Yes, that’s right dear reader: such was the overwhelming amount of top music this year we’ve given our end-of-year list a dose of max enlargement pills and extended it to a mighty top twenty.
Those that didn’t make this engorged run-down and hence reside in our honourable bubbling under category include: Swans – The Seer; Toy – Toy; Monolake – Ghosts; White Manna – White Manna; Easter – Innocence Man; Bass Clef – Reeling Skullways; Umberto – Night Has A Thousand Screams; The Eccentronic Research Council – 1612 Underture; and Mouse on Mars – Parastrophics.
A special mention goes to British Sea Power’s EPs 1-6. Well it wouldn’t be one of our lists without them, would it? If we could have counted these as one album it would have made the top five. Obviously.
So here it is, Merry Listmas. Everybody’s having fun (somewhere else).
20. Eat Light Become Lights – Heavy Electrics
19. Alexander Tucker – Third Mouth
18. White Hills – Frying On This Rock
17. Fanfarlo – Rooms Filled With Light
16. Wishmountain – Tesco
15. Drokk – Music Inspired by Mega-City One
14. Mugstar – Axis
13. Fighting Kites – Fighting Kites
12. Belbury Poly – The Belbury Tales
11. Euros Childs – Summer Special
10. Egyptology – The Skies
This analogue symphony had us frothing on about ancient astronauts and the geomancy of Giza back in July. It’s still taking us somewhere weird and wonderful. The best of the seemingly never-ending fascination with old synths and arpeggiators that pervades the world of electronica. Long may this fascination continue.
9. Deerhoof – Breakup Song
All over the shop, but in a good way, Deerhoof’s Breakup Song threw all kinds of idea together to make another off-kilter pop hit. Needs to be played loud.
8. Godspeed You! Black Emperor – ‘Allelujah! Don’t Bend! Ascend!
It came from nowhere, and nowhere on BBO will you find the review this album richly deserves. Yet it does exactly what you want a Godspeed! album to do, and then some. Colossal drones, magisterial builds and releases, and immense noise, all suffused with a politics for those that know.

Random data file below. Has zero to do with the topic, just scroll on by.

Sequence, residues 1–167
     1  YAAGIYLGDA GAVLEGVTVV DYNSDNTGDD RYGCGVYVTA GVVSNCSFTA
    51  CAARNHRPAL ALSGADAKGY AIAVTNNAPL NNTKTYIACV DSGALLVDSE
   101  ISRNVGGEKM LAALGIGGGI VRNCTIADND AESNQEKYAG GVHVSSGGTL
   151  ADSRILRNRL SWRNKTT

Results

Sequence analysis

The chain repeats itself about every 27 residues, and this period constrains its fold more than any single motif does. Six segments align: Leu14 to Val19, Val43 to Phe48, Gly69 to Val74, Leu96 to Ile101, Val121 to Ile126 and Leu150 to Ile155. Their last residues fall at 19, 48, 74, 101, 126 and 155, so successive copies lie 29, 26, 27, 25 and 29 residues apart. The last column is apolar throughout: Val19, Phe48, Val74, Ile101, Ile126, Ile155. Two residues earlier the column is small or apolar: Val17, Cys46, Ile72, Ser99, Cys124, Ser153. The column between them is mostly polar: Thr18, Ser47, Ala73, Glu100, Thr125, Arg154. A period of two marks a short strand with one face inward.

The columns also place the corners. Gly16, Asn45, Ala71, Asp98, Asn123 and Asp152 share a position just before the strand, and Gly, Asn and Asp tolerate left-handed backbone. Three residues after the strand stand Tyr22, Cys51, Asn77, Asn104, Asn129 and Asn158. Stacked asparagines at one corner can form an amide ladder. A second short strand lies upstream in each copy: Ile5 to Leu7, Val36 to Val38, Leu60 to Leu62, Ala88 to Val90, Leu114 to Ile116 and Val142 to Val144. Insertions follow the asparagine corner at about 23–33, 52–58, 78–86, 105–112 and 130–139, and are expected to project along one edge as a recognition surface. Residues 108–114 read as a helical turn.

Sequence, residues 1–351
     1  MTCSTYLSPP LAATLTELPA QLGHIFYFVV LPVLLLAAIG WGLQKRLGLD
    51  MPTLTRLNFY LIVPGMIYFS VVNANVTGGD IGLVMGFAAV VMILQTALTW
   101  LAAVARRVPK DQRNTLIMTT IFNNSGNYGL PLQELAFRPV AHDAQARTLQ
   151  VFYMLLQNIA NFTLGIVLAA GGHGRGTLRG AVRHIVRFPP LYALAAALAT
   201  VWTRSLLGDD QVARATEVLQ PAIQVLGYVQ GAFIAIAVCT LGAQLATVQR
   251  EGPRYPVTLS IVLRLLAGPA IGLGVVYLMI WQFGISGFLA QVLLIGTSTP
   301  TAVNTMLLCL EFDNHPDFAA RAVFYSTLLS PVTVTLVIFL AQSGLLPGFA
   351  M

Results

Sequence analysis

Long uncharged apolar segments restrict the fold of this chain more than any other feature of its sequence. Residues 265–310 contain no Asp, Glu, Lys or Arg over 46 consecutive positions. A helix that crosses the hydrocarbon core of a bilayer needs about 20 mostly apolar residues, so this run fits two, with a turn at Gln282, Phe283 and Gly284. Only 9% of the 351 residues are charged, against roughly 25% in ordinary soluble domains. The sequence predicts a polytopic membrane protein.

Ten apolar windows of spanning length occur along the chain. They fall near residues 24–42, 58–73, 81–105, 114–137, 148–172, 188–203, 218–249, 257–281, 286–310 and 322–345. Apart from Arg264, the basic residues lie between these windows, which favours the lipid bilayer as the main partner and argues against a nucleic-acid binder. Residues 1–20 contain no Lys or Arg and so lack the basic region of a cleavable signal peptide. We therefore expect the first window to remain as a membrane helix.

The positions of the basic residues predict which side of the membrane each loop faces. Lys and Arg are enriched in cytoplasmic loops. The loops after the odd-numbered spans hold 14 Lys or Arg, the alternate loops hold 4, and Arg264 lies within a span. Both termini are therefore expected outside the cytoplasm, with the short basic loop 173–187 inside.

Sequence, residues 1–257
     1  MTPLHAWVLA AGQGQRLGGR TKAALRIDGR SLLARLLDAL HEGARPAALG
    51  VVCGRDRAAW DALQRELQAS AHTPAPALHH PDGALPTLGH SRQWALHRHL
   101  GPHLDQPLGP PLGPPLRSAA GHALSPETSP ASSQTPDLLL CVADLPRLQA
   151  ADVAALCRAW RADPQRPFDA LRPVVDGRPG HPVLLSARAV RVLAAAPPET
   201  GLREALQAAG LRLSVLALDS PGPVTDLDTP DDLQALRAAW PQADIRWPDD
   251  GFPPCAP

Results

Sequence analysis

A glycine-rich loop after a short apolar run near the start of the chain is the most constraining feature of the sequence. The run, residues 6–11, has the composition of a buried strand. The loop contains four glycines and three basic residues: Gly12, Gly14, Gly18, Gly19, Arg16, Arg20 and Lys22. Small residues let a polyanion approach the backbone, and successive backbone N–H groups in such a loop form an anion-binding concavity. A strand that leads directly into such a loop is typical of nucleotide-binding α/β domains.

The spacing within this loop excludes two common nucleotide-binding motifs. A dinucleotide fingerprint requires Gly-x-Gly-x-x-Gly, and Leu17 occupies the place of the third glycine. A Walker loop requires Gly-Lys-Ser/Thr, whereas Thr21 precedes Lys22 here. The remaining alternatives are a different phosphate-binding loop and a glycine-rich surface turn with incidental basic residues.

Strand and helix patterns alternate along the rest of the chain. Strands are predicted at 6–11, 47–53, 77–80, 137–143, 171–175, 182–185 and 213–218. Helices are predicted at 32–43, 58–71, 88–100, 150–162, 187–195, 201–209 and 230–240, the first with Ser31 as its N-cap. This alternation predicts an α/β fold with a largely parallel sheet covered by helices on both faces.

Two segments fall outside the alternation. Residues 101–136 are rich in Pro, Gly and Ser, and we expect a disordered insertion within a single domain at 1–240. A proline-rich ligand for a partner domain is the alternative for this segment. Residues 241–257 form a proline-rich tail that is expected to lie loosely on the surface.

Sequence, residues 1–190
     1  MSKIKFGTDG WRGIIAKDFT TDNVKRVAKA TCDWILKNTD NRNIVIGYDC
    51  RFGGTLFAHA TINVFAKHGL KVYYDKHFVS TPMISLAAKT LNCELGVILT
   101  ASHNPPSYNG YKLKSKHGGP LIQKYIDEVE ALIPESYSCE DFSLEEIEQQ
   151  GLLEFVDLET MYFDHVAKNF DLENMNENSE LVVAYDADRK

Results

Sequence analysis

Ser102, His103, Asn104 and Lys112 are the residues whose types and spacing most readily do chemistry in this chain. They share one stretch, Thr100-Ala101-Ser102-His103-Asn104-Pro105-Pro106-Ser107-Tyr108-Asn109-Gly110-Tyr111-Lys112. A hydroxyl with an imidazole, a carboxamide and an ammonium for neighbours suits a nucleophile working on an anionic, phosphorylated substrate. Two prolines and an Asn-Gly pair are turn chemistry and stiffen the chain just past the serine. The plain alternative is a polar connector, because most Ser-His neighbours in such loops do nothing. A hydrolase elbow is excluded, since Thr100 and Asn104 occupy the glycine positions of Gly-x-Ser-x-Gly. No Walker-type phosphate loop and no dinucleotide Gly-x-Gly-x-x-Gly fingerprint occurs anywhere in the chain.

7. Bill Fay – Life is People
Two astonishing albums at the start of the 1970s and then another one in 2012. The voice is warmer, but even more haunted, and Fay’s conviction still burns through as clearly as it ever has: “I personally need to believe that this world just can’t go on and on and on in the way that it goes.”
‘Be At Peace With Yourself’:
6. Beak > – >>
A marvellous pulsing head throb of analog musings and music from this threesome. Retro-futurism might not be a thing, but this sounds so extra-temporal we can’t help looking at the future through the past (and often vice-versa). If we had a record label of the year award it would probably go to Invada Records as well.
‘Mono’ (Ok, not technically on the album, but it’s a cracker):
5. Fang Island – Major
Like a cheeky-monkey off its bits on riffs. With shit-eating gurns and post-ironic chest bumps all round, Major is always there for the dark days and the light days. Simply…YES!
4. Plank! – Animalism
Owls and pigs. Owls, pigs and fighting ferrets. Animalism is nothing short of an extraordinary debut of Neu-proggish grooves and looped noodling and funk. Looked into the Owl’s eyes and agree. You now agree.
‘Dying for Pigs’:
‘King Rat I, II, III’:
3. Sweet Billy Pilgrim – Crown and Treaty
Prog, pop, country – Sweet Billy Pilgrim will do you an album containing all of those elements, and live they’ll throw in an a cappella version of ‘I Wanna Dance With Somebody’ just to keep you guessing. Crown and Treaty is the sound of a great, genuinely original, band still discovering what they’re capable of.
2. Bob Mould – Silver Age